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Research Questions

  1. What factors can interfere with the success of building partner capacity efforts?
  2. What can the United States do to address such challenges?

For both diplomatic and national security reasons, security cooperation continues to be important for the United States. The needs and existing capabilities of various nations differ, however, as will results. In previous research, RAND identified a series of factors that correlate with the success of building partner capacity (BPC) efforts. Some of these are under U.S. control, and some are inherent in the partner nation or under its control. Strategic imperatives sometimes compel the United States to work with PNs that lack favorable characteristics but with which the United States needs to conduct BPC anyway. This report explores what the United States can do, when conducting BPC in challenging contexts, to maximize prospects for success. The authors address this question using the logic model outlined in a companion report and examining a series of case studies, looking explicitly at the challenges that can interfere with BPC. Some of the challenges stemmed from U.S. shortcomings, such as policy or funding issues; others from the partner's side, including issues with practices, personalities, baseline capacity, and lack of willingness; still others from disagreements among various stakeholders over objectives and approaches. Among the factors correlated with success in overcoming these challenges were consistency of funding and implementation, shared security interests, and matching objectives with the partner nation's ability to absorb and sustain capabilities.

Key Findings

Many Challenges Stem from U.S. Policy or Practice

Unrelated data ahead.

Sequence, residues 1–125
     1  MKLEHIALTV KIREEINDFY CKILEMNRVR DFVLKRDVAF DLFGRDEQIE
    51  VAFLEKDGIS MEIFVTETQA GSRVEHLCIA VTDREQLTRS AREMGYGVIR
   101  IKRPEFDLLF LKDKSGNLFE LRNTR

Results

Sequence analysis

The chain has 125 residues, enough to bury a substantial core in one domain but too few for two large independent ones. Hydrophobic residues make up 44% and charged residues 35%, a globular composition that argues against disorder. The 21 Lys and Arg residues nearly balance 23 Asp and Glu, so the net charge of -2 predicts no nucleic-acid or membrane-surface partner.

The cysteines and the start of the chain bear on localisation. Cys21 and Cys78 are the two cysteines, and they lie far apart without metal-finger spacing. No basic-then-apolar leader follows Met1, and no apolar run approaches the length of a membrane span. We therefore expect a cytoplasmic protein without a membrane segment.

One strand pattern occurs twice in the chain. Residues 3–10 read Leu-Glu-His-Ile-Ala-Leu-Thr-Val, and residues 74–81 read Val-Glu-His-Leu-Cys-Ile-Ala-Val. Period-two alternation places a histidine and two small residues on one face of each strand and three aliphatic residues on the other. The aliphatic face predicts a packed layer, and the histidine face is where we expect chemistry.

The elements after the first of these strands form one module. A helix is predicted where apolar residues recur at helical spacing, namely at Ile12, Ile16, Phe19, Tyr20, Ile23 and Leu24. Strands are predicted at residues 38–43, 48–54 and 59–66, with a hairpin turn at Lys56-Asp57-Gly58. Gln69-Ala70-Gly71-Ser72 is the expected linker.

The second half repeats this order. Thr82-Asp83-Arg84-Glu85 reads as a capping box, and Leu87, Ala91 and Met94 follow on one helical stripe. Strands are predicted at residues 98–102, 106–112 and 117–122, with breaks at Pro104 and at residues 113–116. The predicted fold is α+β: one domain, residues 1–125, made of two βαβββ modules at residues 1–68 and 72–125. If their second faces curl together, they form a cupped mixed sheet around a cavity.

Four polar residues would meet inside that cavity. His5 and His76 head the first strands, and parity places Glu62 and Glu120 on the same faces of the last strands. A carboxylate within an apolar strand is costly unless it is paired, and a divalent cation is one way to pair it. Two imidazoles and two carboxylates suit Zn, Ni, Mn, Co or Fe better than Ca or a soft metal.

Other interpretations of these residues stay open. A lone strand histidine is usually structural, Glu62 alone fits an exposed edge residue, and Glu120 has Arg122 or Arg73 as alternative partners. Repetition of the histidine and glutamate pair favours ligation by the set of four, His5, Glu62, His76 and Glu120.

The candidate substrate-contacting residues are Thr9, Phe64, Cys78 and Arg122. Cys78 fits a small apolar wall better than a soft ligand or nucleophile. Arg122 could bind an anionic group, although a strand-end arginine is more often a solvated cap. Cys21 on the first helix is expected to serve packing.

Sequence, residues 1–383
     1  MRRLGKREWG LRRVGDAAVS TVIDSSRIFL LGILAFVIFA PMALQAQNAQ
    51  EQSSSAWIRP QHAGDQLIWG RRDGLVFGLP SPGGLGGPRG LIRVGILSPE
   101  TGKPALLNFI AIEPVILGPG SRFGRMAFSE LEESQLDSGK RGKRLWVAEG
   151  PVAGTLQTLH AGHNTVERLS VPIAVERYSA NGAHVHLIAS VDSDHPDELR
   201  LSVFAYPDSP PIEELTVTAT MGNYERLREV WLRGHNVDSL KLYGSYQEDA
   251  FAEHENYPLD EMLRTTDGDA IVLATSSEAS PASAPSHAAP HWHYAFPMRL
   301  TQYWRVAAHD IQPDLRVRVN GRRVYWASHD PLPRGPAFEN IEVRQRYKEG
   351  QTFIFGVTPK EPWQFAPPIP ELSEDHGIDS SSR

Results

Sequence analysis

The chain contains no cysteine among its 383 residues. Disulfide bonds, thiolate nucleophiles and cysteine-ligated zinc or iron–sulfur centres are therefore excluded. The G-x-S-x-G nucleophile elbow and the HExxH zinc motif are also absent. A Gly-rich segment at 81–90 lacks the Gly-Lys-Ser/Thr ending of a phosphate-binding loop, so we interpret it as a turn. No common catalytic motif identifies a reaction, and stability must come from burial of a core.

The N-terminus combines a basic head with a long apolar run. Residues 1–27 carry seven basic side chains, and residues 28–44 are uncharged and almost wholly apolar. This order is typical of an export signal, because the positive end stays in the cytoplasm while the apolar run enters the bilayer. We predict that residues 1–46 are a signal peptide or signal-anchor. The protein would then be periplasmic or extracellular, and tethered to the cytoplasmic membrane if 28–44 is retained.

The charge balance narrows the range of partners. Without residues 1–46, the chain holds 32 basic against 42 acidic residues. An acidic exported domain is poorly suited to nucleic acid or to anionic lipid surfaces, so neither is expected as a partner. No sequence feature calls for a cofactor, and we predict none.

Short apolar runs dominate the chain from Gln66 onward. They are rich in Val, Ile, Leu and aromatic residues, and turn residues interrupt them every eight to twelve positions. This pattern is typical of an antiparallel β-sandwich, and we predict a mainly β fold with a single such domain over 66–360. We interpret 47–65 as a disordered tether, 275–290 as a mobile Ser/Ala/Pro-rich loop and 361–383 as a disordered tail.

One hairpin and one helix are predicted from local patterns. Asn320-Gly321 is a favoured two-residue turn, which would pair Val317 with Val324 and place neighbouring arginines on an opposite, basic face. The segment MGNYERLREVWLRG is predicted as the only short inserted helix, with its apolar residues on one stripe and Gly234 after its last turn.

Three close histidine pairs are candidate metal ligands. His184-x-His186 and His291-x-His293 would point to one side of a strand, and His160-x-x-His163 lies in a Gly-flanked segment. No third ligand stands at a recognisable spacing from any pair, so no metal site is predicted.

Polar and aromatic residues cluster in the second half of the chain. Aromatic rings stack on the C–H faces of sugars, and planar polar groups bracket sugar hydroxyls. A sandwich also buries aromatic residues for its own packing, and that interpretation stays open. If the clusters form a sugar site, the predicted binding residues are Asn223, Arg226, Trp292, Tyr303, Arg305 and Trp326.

• Such issues as changes in funding and other support and which specific entities may receive support or training can affect the overall success of building partner capacity (BPC) efforts.
  • While a robust partner can usually fill in any gaps in U.S. processes or support, a partner that already faces challenges may not be able to do so.

The Partner Nation (PN) Itself Must Be Willing to Engage Fully

  • The lack of willingness to support and participate in BPC of PN personnel at any level (head of state or ministry, service or command, or individual trainees) can disrupt BPC efforts.
  • Such willingness is often contingent on a shared understanding of and agreement on both the approach to and goals of BPC efforts.

PN Ministerial Capacity Can Be Extremely Important

  • The size, health, and capability of the PN's ministry of defense or equivalent play significant roles in both managing the BPC process from the PN side and in prospects for organizing for and funding the sustainment of built capacity.
  • When capacity built through U.S. BPC efforts has endured rather than atrophied rapidly, an effective PN ministry has played a role in that outcome.

Consistency Is Key

  • Not only funding but also objectives, agreements, and relationships need to be consistent.
  • Without sustainment and maintenance, however, any capacity built may atrophy.


  • BPC planners should engage senior leaders and resource managers in every stage of the planning cycle, from concept to evaluation, to ensure that aspects under U.S. control are well coordinated and conducted.
  • Objectives, funding, and plans should be consistent over time.
  • Existing mechanisms need to support a wider range of efforts over a longer period or need to be joined by (or replaced by) new authorities and programs able to resource sustainment in later years.
  • Managers and executors need to be agile in planning and execution and have the flexibility to respond to changes on the ground and to incentivize or disincentivize PN behaviors.
  • At the outset, planners need to assess potential challenges and develop workarounds for them.
  • Strive to reach shared BPC objectives with the PN.
  • Match any equipment to its utility to the PN and the PN's ability to maintain it.
  • Plan for sustainment, working with U.S. stakeholders and assessing what the PN's ministerial-level capacity.

This research was sponsored jointly by the Joint Staff J5, the Office of Cost Assessment and Program Evaluation in the Office of the Secretary of Defense, and the Office of the Under Secretary of Defense for Policy and was conducted within the International Security and Defense Policy Center of the RAND National Defense Research Institute, a federally funded research and development center sponsored by the Office of the Secretary of Defense, the Joint Staff, the Unified Combatant Commands, the Navy, the Marine Corps, the defense agencies, and the defense Intelligence Community.

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